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    Quote Originally Posted by lifter6973 View Post
    Looks like I need to google- you can get ferrous sulfate OTC too- just wondering if one is better than the other or what the difference in for those looking to get their levels back to normal- also, once you got your levels back to normal, were you able to stop taking the ferrous sulfate and have iron/ferritin numbers remain in normal range? I assume you dont donate or at least not frequently anymore??
    Great question! Both would actually suffice, but some have GI distress with one and not the other. Ferrous sulfate seemed to cause me no discomfort so I went with that.

    I no longer donate and have been able to mange my RBC's by doing daily injections. It seems to have stabilized. Though I run a little bit high (typically around 17.0 HG and 53 ish crit, platelets are great and I have great oxygen recovery as well as output, so I'm happy

  11. #26
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    what are you injecting daily?- do you mean you keep your RBCs stabilized by injecting AAS daily? you dont have to take iron supplementation anymore, correct?
    Quote Originally Posted by xstarchildx View Post
    Great question! Both would actually suffice, but some have GI distress with one and not the other. Ferrous sulfate seemed to cause me no discomfort so I went with that.

    I no longer donate and have been able to mange my RBC's by doing daily injections. It seems to have stabilized. Though I run a little bit high (typically around 17.0 HG and 53 ish crit, platelets are great and I have great oxygen recovery as well as output, so I'm happy

  12. #27
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    Quote Originally Posted by 9TMARE View Post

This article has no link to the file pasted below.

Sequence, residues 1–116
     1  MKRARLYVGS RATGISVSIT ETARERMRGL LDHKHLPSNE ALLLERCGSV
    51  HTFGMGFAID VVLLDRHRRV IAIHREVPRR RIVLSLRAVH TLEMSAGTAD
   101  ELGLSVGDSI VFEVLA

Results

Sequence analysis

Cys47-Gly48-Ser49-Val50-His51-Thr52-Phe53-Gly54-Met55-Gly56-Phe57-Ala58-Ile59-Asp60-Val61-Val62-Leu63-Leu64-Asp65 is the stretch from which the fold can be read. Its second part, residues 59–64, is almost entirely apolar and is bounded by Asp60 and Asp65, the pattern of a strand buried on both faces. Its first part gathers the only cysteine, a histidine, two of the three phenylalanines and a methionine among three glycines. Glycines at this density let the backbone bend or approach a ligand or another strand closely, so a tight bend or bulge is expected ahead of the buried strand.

Makes sense. Putting sludge in with the pure would only make sludgy pure blood. So far never been denied! Going every 3 months is definitely the way to go.
    I haven't donated since I started cycling but I suspect I feel pretty good when I do. My blood pressure was too high when I attempted my first donation. I was on drol then, so I should he good now.

  13. #28
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    My H&H are almost always slightly elevated when I donate. They have never turned me away. I have to admit I feel really good after I donate. I can't remember where I found this link (may have been from someone here at ASF so I can't take credit) but this study concluded the regular donations are not effective to keep H in range. I have to assume it does lower it a bit in-between donations but found this to be interesting.

    https://www.ncbi.nlm.nih.gov/pubmed/28150363

  14. #29
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    Quote Originally Posted by malfeasance View Post
    It does not make any sense at all. They literally put red blood cells as a component into transfusions for patients. That is why they take double reds - that process in the apheresis machine removes the other components and just takes a double portion of red blood cells from you, reinserting all the other stuff back into your veins.

    They transfuse whatever is needed to the patient using components, including red blood cells (which are the most common component).

    Guess what they do with whole blood donations? They split it into components. It is only very rarely used as-is for transfusion.
    this is exactly what I was saying, if they do double reds they obviously will take as much RBC from you as they can so if you hematicrit is too high they are getting more RBC per pint

  15. #30
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    Quote Originally Posted by heckler7 View Post
    this is exactly what I was saying, if they do double reds they obviously will take as much RBC from you as they can so if you hematicrit is too high they are getting more RBC per pint
    The hematocrit is a ratio of the volume of red blood cells to the volume of all the components together, called whole blood. They check hematocrit not because they are concerned about your RBC count, but more so to measure the fluid levels. They want you healthy and well before you donate- hydrated mainly. So that's the reason they don't get excited for your high hematocrit, because it doesn't necessarily mean you have high RBCs, it just means your ratio is not optimal for your health. You could have high RBCs and drink a lot of water and have a healthy hematocrit count. It's all about the ratio. Hematocrit checks are apart of vitals for this reason.